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Goldman Sachs Prepares to “Better Weather Future Disasters”

by Wolf Richter, Wolf Street:

Regular prudent savers & government guarantees to the fore.

Wouldn’t it be great if a big hedge fund could borrow for five years at a fixed rate of 2.05%, just barely above the cost that the US government pays for five-year debt (1.81%)? It’s especially great considering that inflation, as measured by the Consumer Price Index, is 2.4%. In real terms, the rate on this five-year loan would be negative.

Or borrow at 1% daily rate? This would be way below the rate of inflation. And on the rare occasion that creditors gang up on you and try to get their money back all at once, the Fed steps in as lender of last resort. You can rely on that. So no biggie.

You could lend this money out at 5% or 7% or, if you’re into credit cards, at 21%, for example, and keep the difference. Or better, you could bet with this money on the riskiest trades, some of them long-term illiquid deals that might take a decade or longer to unwind. Or you could play with highly leveraged derivatives.

If you could just gather up hundreds of billions of dollars in this manner, or perhaps even a trillion, you could make some serious bucks.

If your bets blow up and the borrowed money disappears, your creditors have a government guarantee. They’re not worried about the risks you’re taking. And they’re ecstatic to lend you the money below the rate of inflation because the yield they’re getting is just a tiny bit higher than what they’re getting in their savings accounts and CDs.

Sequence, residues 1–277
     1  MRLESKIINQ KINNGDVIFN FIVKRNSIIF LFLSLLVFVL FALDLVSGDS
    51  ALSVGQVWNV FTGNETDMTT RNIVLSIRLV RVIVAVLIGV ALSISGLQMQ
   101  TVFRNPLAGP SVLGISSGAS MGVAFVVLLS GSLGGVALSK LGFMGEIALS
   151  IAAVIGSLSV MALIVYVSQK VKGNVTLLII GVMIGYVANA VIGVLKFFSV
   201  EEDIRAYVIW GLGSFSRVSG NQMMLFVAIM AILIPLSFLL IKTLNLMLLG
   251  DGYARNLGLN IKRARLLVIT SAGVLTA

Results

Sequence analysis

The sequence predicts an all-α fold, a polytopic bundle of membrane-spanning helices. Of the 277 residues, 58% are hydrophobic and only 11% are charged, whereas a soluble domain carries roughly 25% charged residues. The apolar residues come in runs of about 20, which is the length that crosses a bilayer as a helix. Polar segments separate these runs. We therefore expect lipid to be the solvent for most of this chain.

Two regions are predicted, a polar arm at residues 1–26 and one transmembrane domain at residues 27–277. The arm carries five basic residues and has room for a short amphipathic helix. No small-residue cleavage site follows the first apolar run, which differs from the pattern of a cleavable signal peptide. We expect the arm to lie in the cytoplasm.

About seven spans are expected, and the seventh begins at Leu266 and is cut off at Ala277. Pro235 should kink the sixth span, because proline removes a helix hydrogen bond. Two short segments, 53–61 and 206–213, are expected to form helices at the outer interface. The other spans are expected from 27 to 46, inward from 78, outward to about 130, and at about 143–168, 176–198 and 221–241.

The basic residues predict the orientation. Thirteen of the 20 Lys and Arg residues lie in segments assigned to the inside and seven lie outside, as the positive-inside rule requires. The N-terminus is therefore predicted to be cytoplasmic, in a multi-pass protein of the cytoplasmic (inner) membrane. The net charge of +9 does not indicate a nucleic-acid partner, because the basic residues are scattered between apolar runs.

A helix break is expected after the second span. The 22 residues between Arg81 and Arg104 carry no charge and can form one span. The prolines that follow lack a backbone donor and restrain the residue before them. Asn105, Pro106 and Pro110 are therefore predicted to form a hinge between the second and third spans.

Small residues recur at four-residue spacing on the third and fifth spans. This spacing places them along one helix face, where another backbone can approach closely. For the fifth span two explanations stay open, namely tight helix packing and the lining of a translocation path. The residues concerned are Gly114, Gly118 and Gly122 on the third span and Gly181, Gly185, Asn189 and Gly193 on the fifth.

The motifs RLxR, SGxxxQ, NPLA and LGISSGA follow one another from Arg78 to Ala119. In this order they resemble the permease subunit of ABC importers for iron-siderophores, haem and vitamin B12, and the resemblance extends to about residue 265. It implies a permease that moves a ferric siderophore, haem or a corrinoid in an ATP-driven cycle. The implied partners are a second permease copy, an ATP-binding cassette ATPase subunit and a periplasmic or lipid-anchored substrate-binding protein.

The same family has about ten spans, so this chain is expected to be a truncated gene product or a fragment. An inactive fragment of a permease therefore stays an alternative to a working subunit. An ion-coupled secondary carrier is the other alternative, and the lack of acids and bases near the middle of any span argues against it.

That’s exactly what Goldman Sachs is now seriously pushing into – not dabbling, as it has been – as a major funding source.

“It carries … great strategic potential,” Chief Strategy Officer Stephen Scherr told Reuters today. “The ambition we have is for the retail deposit platform to grow so that it becomes a real, sizable channel.”

This “retail deposit platform” is its online bank for regular savers.

Goldman isn’t the first to figure this out. All banks in the US benefit from this cheap moolah, assuming they know what to do with it, like Goldman is hoping to play this game. Among the biggest: JP Morgan Chase – with $1.4 trillion in deposits – Citibank, Bank of America, and Wells Fargo.

Goldman isn’t in their club. But Goldman wasn’t actually a commercial bank until the Financial Crisis. In order to get bailed out by the Fed, it had to become a bank holding company overnight. Until then, it was a hedge fund and an investment bank.

Read More @ WolfStreet.com

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